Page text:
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Residents who use the least amount of electricity in the province by avoiding the use of electric heating and other power-hungry appliances can expect to pay up to 12 per cent more beginning Nov. 1.

As of Nov. 1, consumers will begin paying 5.6 cents per kilowatt-hour of electricity up to 1,000 kilowatt-hours each month. Above that, the rate climbs to 6.5 cents per kilowatt-hour.


The current rate, in effect since May, was 5 cents per kilowatt-hour below a monthly threshold of 600 kilowatt-hours and 5.9 cents per kilowatt-hour for any consumption above that threshold.
For folks in other provinces. Ontarians then pay a delivery charge, Regulatory charge, a debt retirement charge and GST.

The result is the kwh rate is about double the stated rate.
 

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Cool, 20 Grand in energy upgrades to my house just so I can pay the same amount of hydro next year. :confused:
 

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Though really, this 0.6c extra is nothing once you add in all the extra fees.
it's ~5% more. All of you paid 30% increase in gas prices this summer (if you drive) ;)
That probably cost you more than this increase in electricity will.
 

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The increase is going to be negligible, given that the electricity rate only makes up half of the bill.

This is just a normal rate adjustment based on projected weather related demand and fuel costs.

Use electricity wisely and the bills will be low; there's no reason for the average house with gas fired heating/water heating to consume more than 20 kWh per day. (<=15 kWh per day can be achieved by eliminating standby loads, getting a few CFLs, and applying common sense. :rolleyes: . No need for expensive appliance/HVAC upgrades)
 

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Yes, TXV is right, I lowered my hydro usage significantly this summer even before I upgraded my HVAC. It just annoys me seeing energy costs going up while I'm making improvements that would be saving me even more money. My old leaky house was rated at a 68 on our audit and our hydro and gas bills were pretty high even with an older HE furnace. I'm looking forward to significant reduction's in our usage this year, our new rating is at 82. It really is annoying though when you see the largest portions of your bills are not usage but fees. After seeing how little water was actually costing on our bill this year and most of the charges were fees, I decided to keep my lawn alive in the summer and watered it at will. My water bill barely went up and I probably used 50% more this summer.
 

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Dont you love how they want people to conserve energy and then raise the rates making those saving null. :rolleyes:

I guess conservation is not good for profits.
 

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The recent posts are not logical. They are for fixed costs, but the topic here is increased pricing. With increased pricing your savings do increase with more energy efficiency. The higher the energy costs, the more you save (you also pay more, but "less more" than if you hadn't made the improvements in your home).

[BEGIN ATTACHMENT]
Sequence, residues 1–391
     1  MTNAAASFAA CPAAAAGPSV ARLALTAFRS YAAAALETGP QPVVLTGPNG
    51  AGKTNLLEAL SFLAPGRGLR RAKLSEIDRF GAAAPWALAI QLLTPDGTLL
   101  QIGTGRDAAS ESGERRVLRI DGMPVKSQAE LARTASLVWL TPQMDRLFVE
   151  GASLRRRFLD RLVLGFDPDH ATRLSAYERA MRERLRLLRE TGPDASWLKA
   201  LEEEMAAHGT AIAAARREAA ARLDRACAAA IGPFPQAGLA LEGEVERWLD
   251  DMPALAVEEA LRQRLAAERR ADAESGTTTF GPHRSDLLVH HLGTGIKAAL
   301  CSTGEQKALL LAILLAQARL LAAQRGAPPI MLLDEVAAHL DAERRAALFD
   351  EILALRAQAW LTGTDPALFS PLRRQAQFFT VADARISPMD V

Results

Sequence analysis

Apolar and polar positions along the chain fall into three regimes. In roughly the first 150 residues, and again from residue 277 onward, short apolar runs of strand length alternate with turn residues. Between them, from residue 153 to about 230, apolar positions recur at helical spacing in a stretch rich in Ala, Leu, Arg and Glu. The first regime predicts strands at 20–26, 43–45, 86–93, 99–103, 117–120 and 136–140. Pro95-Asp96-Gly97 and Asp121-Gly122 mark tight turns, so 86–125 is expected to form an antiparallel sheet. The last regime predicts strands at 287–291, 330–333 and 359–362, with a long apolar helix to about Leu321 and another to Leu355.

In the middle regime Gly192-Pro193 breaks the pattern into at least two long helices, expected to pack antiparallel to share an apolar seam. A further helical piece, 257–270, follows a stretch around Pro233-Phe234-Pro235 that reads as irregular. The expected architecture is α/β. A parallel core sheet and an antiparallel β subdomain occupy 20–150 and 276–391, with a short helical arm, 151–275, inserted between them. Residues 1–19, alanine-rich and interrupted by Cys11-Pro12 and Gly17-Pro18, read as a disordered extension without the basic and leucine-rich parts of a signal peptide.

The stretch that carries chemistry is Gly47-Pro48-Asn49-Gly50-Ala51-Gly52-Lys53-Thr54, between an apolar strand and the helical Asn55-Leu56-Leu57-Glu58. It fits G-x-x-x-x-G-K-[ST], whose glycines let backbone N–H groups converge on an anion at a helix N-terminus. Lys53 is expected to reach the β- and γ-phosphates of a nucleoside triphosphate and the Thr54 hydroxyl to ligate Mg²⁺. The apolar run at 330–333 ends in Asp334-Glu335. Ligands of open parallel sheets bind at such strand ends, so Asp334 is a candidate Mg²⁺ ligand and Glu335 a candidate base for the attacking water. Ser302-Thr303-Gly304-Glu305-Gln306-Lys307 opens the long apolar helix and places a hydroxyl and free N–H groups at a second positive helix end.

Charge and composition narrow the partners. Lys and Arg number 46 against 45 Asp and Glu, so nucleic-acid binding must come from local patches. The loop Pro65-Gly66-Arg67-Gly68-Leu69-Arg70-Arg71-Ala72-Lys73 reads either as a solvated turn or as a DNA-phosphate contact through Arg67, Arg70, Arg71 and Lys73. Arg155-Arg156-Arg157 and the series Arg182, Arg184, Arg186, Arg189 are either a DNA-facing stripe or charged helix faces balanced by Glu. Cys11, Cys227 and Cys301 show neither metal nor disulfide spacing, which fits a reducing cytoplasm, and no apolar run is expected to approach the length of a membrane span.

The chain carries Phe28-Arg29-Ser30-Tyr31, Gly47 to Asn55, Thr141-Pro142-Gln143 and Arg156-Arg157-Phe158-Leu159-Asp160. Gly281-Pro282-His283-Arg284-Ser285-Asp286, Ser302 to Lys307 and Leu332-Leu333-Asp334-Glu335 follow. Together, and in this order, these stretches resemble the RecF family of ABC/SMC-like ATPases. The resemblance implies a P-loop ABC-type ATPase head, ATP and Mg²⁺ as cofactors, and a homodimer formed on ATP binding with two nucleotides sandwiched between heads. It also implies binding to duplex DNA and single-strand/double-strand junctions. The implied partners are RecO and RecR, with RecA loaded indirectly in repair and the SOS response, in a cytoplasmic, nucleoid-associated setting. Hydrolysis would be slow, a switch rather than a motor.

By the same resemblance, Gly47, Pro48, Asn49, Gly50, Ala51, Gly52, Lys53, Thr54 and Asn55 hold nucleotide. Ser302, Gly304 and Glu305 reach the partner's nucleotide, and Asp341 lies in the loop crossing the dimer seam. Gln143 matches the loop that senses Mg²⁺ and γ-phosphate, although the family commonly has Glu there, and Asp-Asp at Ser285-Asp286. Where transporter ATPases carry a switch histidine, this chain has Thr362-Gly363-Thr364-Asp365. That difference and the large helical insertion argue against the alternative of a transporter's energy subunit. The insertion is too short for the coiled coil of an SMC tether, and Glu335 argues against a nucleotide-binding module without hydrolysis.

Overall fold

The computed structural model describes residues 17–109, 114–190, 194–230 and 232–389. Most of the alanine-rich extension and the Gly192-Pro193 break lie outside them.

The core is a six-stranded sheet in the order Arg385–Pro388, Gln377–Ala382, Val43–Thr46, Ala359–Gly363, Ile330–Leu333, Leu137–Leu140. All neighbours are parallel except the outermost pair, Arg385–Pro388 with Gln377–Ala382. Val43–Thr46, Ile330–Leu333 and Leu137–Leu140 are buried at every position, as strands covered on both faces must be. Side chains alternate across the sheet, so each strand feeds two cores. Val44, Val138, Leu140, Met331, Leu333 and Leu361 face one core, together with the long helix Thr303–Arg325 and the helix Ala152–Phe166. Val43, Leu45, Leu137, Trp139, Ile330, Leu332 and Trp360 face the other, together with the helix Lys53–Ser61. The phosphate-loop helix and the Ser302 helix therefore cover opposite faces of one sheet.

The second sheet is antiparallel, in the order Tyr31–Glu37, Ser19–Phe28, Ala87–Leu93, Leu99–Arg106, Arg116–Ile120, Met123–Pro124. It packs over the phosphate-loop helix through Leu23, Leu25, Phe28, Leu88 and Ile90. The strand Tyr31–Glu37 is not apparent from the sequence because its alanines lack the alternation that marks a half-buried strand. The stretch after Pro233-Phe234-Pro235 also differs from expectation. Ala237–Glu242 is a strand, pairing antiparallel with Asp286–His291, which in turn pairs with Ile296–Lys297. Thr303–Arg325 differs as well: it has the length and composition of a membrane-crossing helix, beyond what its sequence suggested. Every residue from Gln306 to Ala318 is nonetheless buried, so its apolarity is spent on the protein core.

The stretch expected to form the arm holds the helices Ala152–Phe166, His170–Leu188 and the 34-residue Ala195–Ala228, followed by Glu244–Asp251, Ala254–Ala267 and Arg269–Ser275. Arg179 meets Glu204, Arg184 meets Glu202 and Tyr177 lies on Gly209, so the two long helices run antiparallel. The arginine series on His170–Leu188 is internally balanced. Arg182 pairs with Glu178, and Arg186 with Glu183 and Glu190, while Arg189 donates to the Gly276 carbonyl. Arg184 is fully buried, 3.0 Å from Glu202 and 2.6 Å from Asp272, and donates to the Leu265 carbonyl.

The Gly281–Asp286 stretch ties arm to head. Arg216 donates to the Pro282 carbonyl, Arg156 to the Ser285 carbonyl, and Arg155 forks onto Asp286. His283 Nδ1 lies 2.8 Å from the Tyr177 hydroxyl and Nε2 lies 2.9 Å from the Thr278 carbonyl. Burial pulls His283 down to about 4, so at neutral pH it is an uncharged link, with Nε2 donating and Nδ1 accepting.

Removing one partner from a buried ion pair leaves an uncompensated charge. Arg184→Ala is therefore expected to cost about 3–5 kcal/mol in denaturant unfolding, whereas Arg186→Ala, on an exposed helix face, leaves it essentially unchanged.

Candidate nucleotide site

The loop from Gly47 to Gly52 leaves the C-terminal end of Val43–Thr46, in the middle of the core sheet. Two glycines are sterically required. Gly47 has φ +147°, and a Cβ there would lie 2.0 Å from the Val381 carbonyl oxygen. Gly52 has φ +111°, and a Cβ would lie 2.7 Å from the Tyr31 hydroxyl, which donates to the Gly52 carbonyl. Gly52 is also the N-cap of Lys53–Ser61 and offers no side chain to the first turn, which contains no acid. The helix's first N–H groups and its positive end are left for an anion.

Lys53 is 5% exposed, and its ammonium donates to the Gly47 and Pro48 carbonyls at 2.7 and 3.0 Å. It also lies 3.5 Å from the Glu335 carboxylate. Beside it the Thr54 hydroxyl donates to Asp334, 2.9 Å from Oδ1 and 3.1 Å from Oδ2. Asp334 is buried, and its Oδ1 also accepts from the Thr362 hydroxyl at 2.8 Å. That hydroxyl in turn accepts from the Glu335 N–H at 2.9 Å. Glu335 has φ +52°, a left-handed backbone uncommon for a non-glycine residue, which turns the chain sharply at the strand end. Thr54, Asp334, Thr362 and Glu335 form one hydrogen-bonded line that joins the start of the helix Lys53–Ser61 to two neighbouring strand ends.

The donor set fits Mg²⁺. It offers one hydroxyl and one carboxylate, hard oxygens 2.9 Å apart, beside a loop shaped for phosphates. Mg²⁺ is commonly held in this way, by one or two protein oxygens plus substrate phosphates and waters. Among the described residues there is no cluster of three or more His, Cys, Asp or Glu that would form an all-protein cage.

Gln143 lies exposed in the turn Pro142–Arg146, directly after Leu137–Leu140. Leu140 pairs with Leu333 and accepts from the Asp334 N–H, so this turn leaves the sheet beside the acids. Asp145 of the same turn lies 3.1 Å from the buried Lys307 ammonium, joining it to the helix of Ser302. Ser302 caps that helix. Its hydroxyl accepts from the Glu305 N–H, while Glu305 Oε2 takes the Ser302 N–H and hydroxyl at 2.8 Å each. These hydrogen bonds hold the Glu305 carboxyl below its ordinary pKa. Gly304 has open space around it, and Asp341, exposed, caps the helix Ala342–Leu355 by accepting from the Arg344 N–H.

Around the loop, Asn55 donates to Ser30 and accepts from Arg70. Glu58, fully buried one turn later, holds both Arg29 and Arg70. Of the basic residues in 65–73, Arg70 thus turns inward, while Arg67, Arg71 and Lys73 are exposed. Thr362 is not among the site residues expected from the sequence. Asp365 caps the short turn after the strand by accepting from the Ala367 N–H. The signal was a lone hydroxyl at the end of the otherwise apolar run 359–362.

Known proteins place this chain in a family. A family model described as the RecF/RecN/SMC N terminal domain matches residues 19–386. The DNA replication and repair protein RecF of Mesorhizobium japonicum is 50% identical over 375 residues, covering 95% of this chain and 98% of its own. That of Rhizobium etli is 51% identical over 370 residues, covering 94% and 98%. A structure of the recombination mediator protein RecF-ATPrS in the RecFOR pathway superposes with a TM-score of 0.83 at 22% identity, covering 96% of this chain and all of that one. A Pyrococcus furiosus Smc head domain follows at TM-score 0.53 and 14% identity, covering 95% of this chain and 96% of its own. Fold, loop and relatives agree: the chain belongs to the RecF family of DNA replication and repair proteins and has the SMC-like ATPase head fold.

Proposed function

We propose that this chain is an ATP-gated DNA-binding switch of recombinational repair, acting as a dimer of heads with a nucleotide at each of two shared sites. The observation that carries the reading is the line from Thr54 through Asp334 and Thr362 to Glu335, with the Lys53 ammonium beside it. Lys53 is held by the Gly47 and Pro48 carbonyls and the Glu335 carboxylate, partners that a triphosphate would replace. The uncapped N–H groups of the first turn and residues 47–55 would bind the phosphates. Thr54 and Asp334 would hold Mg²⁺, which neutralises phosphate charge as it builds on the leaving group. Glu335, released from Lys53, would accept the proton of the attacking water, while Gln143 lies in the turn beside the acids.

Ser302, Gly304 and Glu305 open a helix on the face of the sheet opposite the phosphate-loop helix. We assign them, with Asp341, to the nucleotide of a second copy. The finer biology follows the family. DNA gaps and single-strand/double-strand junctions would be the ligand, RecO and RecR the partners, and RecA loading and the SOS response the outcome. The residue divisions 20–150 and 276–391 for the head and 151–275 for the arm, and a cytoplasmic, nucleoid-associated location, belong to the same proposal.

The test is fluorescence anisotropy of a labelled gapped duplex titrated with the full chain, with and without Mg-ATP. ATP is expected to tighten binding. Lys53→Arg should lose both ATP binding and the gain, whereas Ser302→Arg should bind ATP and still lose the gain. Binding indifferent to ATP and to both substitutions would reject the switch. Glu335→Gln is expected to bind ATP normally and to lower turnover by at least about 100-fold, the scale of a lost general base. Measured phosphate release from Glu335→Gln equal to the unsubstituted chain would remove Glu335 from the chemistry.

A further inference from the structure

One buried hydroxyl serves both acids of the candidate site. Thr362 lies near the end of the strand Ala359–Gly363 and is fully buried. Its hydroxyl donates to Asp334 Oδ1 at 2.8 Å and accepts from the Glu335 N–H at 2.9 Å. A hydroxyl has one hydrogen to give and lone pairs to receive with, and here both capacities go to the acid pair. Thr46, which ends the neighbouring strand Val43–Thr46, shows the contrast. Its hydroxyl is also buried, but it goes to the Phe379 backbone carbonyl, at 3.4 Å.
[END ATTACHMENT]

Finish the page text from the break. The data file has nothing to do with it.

Higher costs do encourage conservation - just look at what happened with vehicle sales with higher gas prices.

BTW, rates for summer and winter have been different for several years. The winter rates have been higher, but there has also been a higher "threshold" for the change from the lower rate to the higher rate (1000 vs 600 kWh). There is not really anything "new" in this thread, it's basically just posting the latest rates.
 

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its just frustrating to upgrade your units to save cash and end up paying the same as you did the year before.

So considering the added cost of the energy efficient units and the ever increasing energy costs your return on investment will take longer than the usefull life of the appliance.
 

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Not true, the higher the energy costs, the larger the savings (difference between what you pay now compared to what you would have paid), so the payback is shorter not longer.

Do I need to provide an example of arithmetic?

Previous energy cost - say $2000, if you save 20%, that's $400.

New energy cost - say $2100, if you save 20%, that's $420.

If the item that saved you the 20% cost $4000, the payback was reduced from 10 years to 9.5.

Another way to look at it. If an item saves you 1000 kWh/year, then as the cost per kWh increase, so do your savings.
 

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well really then...problem with your theory is you USE LESS...around 20% less electricity.

making it a simple equation

1000 kwh per month @ 5 cent per month= 50 bucks

900 KWH per month @ 6 cent per month = 54 bucks

You use 10% less electricity but your costs increase.

800 KWH per month @ 6 cent per month = 48 bucks

You need to cut your use by 20% to see a reduction in your bill.

Point being the more we save the more they raise the rates to cover their costs.

People have to significantly reduce their usage to be able to keep the bills the same and when they achieve that another rate increase happens.
 

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smootherator said